A cable derailed at Powell and Washington. The runaway car sent passengers flying, and three were taken to the hospital.
It all began at the cable transfer point on Mason just before Washington.
The cable car had disengaged from that cable just before making the turn to Washington. Usually at that point, the downhill momentum carries them one block to Powell Street where they hook on to another.
But on Sunday night, a car didn't have enough momentum and it just stopped at Mason and Washington.
So the conductor and grip man jumped out and pushed it. As the car began moving, they hopped back on in the back.
But the grip man wasn't able to get to the track brake levers in the front because the sliding door wouldn't open.
Muni's Judson True takes it from here.
"The conductor hopped off the car to try and run and get in the front from the street but he tripped and wasn't able to get back on the car. The grip man continued to apply the rear brake but couldn't get to the front to do the stronger track brakes," said True.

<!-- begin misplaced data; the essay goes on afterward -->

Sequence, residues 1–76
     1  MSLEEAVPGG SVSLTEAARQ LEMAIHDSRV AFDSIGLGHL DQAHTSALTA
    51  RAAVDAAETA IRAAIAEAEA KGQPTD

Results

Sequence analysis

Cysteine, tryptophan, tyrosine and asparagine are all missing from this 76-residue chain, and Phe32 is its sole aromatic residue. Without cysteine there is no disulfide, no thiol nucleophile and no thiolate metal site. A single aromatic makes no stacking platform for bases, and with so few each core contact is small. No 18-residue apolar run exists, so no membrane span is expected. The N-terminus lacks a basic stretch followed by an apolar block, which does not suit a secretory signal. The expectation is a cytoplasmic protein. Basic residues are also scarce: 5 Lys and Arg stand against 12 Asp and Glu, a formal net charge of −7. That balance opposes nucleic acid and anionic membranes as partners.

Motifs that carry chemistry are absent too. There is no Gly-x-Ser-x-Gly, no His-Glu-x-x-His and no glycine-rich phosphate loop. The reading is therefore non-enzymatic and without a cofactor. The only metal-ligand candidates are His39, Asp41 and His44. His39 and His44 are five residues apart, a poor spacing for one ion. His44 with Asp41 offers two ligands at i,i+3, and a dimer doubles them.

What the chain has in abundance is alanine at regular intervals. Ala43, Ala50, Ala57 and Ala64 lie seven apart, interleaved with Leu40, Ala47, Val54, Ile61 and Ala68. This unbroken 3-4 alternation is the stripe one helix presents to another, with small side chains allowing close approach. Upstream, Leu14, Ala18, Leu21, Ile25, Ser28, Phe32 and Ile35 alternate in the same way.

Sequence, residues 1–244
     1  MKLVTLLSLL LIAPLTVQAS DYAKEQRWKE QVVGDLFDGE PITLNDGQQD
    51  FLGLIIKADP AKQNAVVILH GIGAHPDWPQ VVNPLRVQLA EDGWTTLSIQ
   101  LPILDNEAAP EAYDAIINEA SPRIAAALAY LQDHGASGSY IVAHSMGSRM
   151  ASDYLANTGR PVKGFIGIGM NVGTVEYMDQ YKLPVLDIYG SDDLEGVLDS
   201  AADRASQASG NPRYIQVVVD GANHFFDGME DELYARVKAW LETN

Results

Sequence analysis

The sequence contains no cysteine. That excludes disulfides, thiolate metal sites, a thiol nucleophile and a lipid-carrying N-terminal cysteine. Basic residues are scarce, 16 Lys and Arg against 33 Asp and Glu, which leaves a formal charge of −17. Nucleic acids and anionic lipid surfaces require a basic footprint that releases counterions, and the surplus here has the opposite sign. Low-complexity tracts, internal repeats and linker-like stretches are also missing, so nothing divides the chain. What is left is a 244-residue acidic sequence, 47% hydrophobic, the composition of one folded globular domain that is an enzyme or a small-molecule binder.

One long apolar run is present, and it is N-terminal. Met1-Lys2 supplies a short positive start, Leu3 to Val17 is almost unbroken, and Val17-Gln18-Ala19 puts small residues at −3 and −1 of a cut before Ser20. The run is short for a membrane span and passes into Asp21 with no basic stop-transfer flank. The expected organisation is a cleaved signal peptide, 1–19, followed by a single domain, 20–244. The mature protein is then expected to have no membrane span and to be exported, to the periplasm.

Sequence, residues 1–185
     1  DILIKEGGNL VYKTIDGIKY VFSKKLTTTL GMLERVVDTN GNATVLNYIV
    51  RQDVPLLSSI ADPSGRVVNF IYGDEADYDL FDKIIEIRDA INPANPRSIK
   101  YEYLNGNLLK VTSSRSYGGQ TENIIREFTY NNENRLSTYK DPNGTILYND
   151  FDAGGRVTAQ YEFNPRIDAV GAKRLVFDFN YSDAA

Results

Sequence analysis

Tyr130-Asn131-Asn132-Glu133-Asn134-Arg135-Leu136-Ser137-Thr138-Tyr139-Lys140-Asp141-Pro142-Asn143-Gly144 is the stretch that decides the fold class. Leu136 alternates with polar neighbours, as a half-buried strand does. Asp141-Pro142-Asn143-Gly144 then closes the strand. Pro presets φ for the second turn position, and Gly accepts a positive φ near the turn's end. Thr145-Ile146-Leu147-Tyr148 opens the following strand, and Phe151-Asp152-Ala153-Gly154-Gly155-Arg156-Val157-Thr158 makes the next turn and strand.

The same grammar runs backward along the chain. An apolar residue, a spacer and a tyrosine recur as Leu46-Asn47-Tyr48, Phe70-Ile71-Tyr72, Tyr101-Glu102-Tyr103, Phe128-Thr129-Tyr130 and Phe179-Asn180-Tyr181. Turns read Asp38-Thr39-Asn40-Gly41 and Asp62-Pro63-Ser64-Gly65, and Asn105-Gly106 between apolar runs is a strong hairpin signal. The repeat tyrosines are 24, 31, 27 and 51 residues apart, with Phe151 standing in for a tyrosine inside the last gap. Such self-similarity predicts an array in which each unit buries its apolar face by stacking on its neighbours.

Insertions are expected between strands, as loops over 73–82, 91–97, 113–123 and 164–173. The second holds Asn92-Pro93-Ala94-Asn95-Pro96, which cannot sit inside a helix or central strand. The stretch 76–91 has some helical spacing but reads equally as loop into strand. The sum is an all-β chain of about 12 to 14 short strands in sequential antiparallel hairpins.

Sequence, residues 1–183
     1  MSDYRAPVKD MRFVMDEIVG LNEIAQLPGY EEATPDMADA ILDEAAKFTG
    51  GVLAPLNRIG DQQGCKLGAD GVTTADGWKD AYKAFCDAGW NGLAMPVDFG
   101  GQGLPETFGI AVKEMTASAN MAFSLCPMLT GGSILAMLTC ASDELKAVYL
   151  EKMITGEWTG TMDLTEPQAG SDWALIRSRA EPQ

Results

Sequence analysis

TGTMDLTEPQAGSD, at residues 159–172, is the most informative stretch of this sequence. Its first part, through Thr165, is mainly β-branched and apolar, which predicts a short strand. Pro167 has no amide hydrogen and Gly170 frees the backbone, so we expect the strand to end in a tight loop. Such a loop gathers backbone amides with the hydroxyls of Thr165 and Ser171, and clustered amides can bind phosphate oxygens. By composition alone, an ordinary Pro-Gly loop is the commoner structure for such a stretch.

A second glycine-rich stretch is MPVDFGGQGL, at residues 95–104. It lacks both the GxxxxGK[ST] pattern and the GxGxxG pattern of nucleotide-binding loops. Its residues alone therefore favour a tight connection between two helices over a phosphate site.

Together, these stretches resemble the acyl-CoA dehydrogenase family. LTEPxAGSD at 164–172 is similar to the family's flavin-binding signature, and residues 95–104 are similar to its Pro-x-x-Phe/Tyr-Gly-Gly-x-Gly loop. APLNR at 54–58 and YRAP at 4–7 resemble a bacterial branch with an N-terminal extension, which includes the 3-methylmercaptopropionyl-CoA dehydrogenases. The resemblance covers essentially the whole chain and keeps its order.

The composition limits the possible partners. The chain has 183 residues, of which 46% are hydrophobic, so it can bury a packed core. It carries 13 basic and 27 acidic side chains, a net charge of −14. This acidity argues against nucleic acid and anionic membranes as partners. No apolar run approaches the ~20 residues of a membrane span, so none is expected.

Passenger Eric Kay couldn't believe his eyes when he saw the operator pounding at the door.
"He was pounding but could not get through it. I was contemplating jumping off and by the time I was think about it, we were going down the hill so fast that I hung on for dear life," said Kay.
Kay heard the screams of a female passenger. He says it was like a horror flick.
She flew off. A couple of people flew off actually.
True wants to assure the public that this was an isolated incident and that cable cars are safe.
But ABC7's I-Team reported two years ago that mile for mile, cable cars are the most accident prone of any form of public transportation in the country.
Federal Transit Administration data showed that from 2002 to 2005, the collision injury rate for cable cars more than doubled that of Muni buses and three, four even five times the rate of light rail and electric trolley buses in San Francisco.
True responded this way.
"We're taking a look at the statistics on cable cars, but we believe cable cars are a safe system," said True.
The derailment occurred on Washington and Powell, and the key issue on the investigation is why was the back door jammed, and why did it not open.
Another issue, Muni says is policy that at least one train operator is inside the cable car at all times. Muni says apparently that policy was violated.
Three passengers were sent to the hospital, and at least two of those passengers have been released. San Francisco General is still trying to find out the condition of the third patient.